It’s the last day of June, a typically pleasant month, heralding in for many of us an array of sporting events and the prospect of summer holidays, before moving us into the second half of the year – as it will do in a matter of a few hour’s time…
In the US, the July 4th celebrations are almost ready. For Muslims the world over, Ramadan began yesterday. The existential crises unfolding in various parts of the Middle East and Africa clog the headlines, in spite of a planet obsessed this month with tales from the World Cup in Brazil (or, for some of those British readers amongst you who have long given up on the football, the ups and downs of following Andy Murray in the tennis at Wimbledon).
I have been lucky enough to travel separately to Amman and Kathmandu over the past couple of weeks, keeping a loose grip on June’s “news” from inside airport terminals or at the end of an evening out with work colleagues – my favourite moment of those being the night Holland beat Spain so resoundingly, whilst a group of us were sat in a British themed Coronation Street pub in Amman, called The Rover’s Return.
How one of the longest standing British soap operas achieved this accolade inside Jordan is a mystery to me, but I have the photographic evidence to prove it’s no lie:
You’d think with days spent on the move, and the colourful surrounds of these cities, that I’d have been spurned into posting blogs on a daily basis.
Instead, I kept putting off writing, until then too much time passed and it became harder and harder to contemplate – as when you might find yourself wishing to write to an old friend who had sent you a heartfelt message, but you never found the time you needed to do justice to an acceptable (and long) reply, until you were lagging so far behind in any actual reply, that you started to contemplate never writing to them again, given that the prospect of doing so would then be more favourable than if you actually were to reply (inevitably in a short and trite manner) some six months further down the line.
Anyhow. Exaggerated metaphors to one side, I had my breakthrough last week, in terms of an experience that made me want to divulge some thoughts on this site once more.
Were I on Facebook, then this could be a simple link to share, with a pithy statement – “love this”, or “so true,” or something along those lines.
For some already, the title of this post gives the game away. For others, like me up to about a week ago, the name David Foster Wallace may not mean much to you. Let me apologise in advance, then, to those in the first grouping for wasting your time. I expect the tennis has started by now, so feel free…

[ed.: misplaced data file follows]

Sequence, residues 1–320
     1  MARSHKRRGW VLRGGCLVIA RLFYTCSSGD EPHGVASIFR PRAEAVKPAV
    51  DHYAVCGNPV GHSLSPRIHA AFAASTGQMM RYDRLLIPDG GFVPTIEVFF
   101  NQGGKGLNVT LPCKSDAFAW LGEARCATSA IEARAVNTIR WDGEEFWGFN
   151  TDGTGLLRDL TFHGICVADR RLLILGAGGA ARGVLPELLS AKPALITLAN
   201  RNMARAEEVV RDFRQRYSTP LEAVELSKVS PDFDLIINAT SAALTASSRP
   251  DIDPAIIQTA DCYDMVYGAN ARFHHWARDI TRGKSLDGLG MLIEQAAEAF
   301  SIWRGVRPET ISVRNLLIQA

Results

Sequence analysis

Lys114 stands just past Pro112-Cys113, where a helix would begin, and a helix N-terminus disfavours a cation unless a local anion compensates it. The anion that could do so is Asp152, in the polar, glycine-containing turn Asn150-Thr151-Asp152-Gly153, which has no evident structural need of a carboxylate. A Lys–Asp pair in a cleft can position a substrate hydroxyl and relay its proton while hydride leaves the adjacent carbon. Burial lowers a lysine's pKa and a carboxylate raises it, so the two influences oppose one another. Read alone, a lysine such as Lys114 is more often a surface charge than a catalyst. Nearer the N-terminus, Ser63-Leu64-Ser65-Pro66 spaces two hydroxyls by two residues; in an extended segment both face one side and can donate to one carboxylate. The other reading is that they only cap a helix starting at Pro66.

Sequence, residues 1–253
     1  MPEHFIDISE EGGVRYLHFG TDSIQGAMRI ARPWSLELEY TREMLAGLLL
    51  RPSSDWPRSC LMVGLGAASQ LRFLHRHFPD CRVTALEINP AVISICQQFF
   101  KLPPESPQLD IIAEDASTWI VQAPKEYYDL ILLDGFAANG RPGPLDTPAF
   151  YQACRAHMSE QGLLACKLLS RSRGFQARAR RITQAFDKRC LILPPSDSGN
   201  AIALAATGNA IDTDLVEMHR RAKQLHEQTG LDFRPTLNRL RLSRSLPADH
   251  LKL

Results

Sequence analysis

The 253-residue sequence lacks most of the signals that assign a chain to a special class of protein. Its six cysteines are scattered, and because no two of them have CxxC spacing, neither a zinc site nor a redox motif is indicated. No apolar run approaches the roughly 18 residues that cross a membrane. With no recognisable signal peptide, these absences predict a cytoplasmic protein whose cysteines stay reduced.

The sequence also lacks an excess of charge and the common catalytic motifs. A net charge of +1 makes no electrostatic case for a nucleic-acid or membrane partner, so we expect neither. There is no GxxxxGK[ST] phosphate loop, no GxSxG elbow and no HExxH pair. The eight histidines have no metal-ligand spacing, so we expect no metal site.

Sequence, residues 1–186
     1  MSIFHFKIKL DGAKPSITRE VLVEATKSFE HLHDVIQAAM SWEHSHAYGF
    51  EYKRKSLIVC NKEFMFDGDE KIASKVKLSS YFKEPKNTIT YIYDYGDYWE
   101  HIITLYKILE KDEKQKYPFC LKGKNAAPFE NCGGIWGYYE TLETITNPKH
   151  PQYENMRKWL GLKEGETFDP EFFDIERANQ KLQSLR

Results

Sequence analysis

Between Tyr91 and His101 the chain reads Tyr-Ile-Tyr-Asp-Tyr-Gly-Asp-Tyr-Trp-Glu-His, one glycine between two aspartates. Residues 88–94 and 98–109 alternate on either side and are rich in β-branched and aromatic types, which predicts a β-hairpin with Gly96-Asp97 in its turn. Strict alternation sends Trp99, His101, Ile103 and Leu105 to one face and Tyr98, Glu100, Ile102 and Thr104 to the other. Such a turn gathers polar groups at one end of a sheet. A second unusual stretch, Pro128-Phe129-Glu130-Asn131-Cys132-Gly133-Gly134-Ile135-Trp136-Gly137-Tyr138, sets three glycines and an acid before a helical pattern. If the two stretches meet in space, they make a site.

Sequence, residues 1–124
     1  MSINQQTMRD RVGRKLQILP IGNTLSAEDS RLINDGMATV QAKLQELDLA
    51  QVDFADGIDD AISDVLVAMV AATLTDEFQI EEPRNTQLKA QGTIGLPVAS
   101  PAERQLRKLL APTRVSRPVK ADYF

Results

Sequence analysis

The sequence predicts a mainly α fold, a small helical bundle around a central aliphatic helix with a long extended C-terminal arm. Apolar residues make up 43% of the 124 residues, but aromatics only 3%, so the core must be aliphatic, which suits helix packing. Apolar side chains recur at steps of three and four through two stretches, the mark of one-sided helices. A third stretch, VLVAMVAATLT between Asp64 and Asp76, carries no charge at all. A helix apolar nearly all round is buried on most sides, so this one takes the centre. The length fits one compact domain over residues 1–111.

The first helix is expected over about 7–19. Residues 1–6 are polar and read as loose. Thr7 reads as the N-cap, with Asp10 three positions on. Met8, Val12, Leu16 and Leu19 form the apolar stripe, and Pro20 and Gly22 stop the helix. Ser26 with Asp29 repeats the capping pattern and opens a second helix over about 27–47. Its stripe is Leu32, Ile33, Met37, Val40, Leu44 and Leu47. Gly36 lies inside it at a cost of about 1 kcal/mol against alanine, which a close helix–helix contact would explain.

Subsequent to reading Wallace’s now infamous commencement speech, delivered just three years before he took his own life in 2008, I now have some of his books on order, in an attempt to make my amends at reading up further on the man (promising myself, whilst I searched him out on Amazon, that I would, one day, do the same for all the other game-changing writers whose work I was supposed to have read at University some twenty years ago.)
No-one wants, nor needs, to read a personal critique on Wallace’s “This Is Water” speech from me. So, fear not, I am not about to unleash one on you [if, as a complete aside, you are interested in critiquing of the HIGHEST order, then youtube is your best friend, and this (“love this”) link is your ticket to a delightful 12 minutes:]
Back to the Water thing…
I merely want to acknowledge what great guidance Wallace gave to those students, nearly ten years back now, about ways in which we might choose to view the world, might choose to think about what is moving around us, how we fit in, and challenge assumptions linked to our own awareness about each of these things.
To me, the elegance of what Wallace put forward in his speech (which to paraphrase a key aspect of it in a handful of words, asks us not to define education as ‘knowledge’, but more as ‘awareness’) is not just that what he is saying offers up a powerful platform of logic and philosophy, but that it’s also so readily available for each of us to test out.
His words are challenging, yet non confrontational. He helps us identify with his subject matter so easily, honestly, and in an effortlessly anecdotal way.
No doubt like all things – meditation, playing the piano, cooking – the more we practice, the better we can often be at something. Choosing how to think is very likely a way of being that requires application and constant tinkering with, too.
What I like about how Wallace constructs his argument around this is that, unlike so many other things in life that we strive to “get better” at, the philosophy of truly making choices about how we see the world costs us no money, no sacrifice, no significant investment of time or emotion, nor – quite brilliantly – can anyone actually tell us how to do it.
It is the ultimately selfish past-time, and yet can have profound effects on those around us, and on humanity.
This Is Water.